Beregond and Bergil
- This article was considered for deletion at Wikipedia on January 3 2020. This is a backup of Wikipedia:Beregond_and_Bergil. All of its AfDs can be found at Wikipedia:Special:PrefixIndex/Wikipedia:Articles_for_deletion/Beregond_and_Bergil, the first at Wikipedia:Wikipedia:Articles_for_deletion/Beregond_and_Bergil.
Template:About Beregond and Bergil are father-and-son fictional characters in J. R. R. Tolkien's Middle-earth legendarium. They appear in The Return of the King, where Beregond has a key role in saving Faramir from death. Bergil plays a smaller part in saving a number of characters.
Neither Beregond nor any of his family appear in the film version: The Lord of the Rings: The Return of the King.
Beregond is the first Captain of the White Company; the guard of Faramir, Prince of Ithilien; and previously, a member of the Third Company of the Guard of the Citadel in Minas Tirith. He is appointed to this rank after he saves Faramir's life during the Siege of Minas Tirith. In the novel, he and his son Bergil were also noted for being the guides of Pippin Took in Minas Tirith. The two form a deep friendship and talk about their various troubles. In later battle, Beregond and Pippin are stunned and crushed by the bodies of oncoming enemies. Both are saved when Gimli notices the familiar shape of Pippin's foot and digs for him.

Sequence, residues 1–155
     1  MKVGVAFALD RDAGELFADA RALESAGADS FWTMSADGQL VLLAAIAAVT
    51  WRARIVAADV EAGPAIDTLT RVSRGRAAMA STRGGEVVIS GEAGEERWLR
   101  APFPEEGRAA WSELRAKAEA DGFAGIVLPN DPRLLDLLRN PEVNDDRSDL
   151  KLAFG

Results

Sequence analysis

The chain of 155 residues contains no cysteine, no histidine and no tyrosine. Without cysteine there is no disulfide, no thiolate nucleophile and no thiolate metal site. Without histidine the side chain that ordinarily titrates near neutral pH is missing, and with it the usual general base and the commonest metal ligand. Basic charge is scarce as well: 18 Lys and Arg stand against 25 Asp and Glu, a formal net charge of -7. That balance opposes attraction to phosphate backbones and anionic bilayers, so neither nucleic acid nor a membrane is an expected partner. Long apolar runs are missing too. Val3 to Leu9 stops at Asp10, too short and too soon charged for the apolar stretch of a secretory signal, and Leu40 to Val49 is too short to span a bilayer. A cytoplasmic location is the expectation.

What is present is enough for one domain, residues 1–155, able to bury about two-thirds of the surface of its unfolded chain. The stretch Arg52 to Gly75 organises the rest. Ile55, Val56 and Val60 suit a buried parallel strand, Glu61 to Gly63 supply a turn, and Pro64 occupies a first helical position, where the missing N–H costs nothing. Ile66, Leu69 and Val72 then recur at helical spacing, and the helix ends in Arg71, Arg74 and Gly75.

During the Siege of Gondor, Beregond received news from Pippin that Denethor intended to kill both himself and the seemingly-dead Faramir. Leaving his post, he fought the door guards of the place where Denethor had taken Faramir in order to reach him, until the arrival of Gandalf and Pippin, whereupon Faramir was saved. After protecting Faramir, he carried him to the Houses of Healing and stood guard over him until he awoke.
Beregond traveled with Aragorn's army to the Black Gate to challenge the forces of Sauron. They served under Prince Imrahil, and during the Battle of the Morannon, Beregond was nearly killed by a Troll.
After the War of the Ring, Beregond was brought before the newly crowned Aragorn II Elessar to answer for the abandonment of his post, as well as the murders of those who stood in his way as he raced to rescue Faramir. Recognizing that what he did was out of love for his lord, he did not impose the death penalty upon him; the newly crowned king's largesse allowed for Beregond to simply be banished from Minas Tirith and live in Ithilien to serve Faramir, for whom he had broken the laws to rescue. He was then promoted to the rank of Captain of the White Company.
Beregond was the son of Baranor, who lived in Lossarnach, a province of Gondor near Minas Tirith. Their ancestors came from Ithilien, where Beregond lived after the War of the Ring. He had two sons: Bergil, who (like Beregond himself) features in The Return of the King, and Borlas, a significant character in The New Shadow.
Bergil is the older son of Beregond of Gondor.